Future professionals got a taste of what it’s like to be a career architect, engineer and construction worker in a virtual presentation about the Salem Public Library renovation earlier this spring.
The event was part of Oregon Connections “Bridging Concepts to Careers” series, designed to deliver the real world to the classroom. It included students from around the nation. Aaron Kimsey, City Project Manager for the renovation, led the presentation.
See the video.
Aaron oversees design, construction, scope and budget on the project on behalf of the City. He told viewers about the significant upgrades needed for the 50-year-old building, for a variety of purposes:
- Earthquake safety
- Critical system upgrades (mechanical, electrical, plumbing)
- Improved use of space
- More open, flexible spaces
He also talked about the design-build process, in which the general contractor and design team are hired as a unit at the beginning of the project.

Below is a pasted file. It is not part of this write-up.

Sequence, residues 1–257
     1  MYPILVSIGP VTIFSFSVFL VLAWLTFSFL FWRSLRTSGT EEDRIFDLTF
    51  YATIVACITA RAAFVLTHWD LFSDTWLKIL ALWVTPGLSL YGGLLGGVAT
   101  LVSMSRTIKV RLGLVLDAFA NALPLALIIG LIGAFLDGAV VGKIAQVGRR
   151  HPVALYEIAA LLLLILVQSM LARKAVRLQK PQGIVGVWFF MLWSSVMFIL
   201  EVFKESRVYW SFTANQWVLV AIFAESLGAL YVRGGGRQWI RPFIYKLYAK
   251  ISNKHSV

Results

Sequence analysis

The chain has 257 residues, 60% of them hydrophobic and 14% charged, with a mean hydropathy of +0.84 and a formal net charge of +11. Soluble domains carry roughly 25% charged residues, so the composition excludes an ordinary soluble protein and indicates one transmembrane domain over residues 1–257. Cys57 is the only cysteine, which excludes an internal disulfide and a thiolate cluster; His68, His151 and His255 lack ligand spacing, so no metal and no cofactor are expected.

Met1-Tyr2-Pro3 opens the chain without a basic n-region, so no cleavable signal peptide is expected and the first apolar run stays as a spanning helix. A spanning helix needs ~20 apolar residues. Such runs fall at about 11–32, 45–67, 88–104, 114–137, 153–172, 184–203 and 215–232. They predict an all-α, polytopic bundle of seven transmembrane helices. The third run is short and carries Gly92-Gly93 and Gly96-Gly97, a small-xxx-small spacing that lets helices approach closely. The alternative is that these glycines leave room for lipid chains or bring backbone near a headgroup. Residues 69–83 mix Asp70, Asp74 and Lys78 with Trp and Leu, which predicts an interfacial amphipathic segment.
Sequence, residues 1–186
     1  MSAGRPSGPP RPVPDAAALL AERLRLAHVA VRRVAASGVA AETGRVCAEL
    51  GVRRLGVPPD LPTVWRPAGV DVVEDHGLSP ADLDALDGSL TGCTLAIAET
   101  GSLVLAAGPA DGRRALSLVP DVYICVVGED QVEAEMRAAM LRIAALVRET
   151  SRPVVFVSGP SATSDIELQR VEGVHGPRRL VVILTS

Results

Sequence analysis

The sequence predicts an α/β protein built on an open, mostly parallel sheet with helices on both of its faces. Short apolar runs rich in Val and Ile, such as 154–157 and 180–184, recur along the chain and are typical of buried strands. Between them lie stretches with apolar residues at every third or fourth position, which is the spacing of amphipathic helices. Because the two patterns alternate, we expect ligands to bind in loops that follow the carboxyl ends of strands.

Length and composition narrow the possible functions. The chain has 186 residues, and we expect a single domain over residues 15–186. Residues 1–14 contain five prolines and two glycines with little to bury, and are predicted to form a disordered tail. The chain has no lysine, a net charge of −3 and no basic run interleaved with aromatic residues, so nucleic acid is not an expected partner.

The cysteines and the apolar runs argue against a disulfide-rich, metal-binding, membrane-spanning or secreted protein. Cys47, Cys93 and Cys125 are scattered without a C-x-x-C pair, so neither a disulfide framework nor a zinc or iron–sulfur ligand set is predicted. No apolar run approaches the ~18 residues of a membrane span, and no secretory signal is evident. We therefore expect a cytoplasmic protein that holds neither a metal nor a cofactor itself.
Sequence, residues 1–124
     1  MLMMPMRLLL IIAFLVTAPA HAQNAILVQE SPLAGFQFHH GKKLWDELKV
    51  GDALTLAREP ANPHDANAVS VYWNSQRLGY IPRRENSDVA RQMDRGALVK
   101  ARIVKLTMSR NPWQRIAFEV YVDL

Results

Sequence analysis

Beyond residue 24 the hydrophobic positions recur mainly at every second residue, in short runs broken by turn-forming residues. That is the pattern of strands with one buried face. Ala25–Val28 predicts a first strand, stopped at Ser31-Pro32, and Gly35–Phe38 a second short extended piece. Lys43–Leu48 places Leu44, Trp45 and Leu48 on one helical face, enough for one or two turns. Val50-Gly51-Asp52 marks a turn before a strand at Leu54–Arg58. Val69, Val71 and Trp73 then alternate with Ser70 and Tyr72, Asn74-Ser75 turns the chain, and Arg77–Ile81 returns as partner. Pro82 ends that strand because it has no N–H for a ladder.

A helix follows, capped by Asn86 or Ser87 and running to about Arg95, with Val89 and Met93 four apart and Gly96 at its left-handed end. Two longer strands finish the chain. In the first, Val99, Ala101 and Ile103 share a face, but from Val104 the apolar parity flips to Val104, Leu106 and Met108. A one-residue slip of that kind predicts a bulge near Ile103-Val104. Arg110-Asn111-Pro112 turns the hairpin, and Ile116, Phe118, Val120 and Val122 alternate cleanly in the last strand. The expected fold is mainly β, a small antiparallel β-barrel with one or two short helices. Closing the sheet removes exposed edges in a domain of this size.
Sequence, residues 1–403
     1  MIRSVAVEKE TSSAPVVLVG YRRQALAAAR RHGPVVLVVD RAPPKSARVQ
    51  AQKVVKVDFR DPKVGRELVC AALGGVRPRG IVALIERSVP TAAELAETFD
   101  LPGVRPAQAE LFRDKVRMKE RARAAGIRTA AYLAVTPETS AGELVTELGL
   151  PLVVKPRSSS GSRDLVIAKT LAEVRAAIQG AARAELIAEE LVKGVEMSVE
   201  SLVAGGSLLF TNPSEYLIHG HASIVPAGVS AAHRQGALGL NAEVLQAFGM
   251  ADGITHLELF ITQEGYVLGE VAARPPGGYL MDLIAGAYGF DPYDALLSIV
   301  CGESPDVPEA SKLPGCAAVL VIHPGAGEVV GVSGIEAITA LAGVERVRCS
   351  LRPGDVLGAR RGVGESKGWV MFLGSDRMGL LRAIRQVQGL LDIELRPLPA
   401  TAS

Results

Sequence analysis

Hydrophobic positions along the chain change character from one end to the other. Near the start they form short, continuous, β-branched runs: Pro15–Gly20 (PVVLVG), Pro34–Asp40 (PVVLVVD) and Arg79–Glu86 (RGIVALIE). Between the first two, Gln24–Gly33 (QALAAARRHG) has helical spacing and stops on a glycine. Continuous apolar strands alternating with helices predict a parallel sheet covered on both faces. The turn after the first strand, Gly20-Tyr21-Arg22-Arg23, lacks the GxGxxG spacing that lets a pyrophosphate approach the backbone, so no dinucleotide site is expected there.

“It lets us deliver a complex project with a great design on time and on budget,” Aaron said.
Also featured were members of the design team, including:
- Daniel Childs, Project Architect for Hacker Architects
- Jack McCutcheon, Structural Engineer for KPFF
- Allyson (Ally) Lowe, Project Engineer for Howard S. Wright Construction, our general contractor
- Kory Ray, Project Superintendent for Howard S. Wright Construction
The Library renovation has been almost four years in the making, starting with a bond approved by voters in 2017 to pay for the project. Almost a year was devoted to selecting the design-build team. Design, including collecting input from community members, Library staff and other City staff, continued through most of 2019. Construction began in early spring 2020 and is due to be complete in June of this year.
Daniel talked about some of the reorganization included in the design and based on the information gathered. That input led to:
- Glass windows surrounding the children’s space
- Adding windows to reading nooks for more natural light
- Moving the main staircase to the top floor to allow for better traffic flow
- A new entry plaza featuring a large white oak and benches
Jack talked about the five shear walls and metal plates that act to strengthen the building in the event of an earthquake.
Kory and Ally provided a tour of the work in progress. Ally also talked about her role in ensuring that specifications made by engineers and architects are carried out during construction.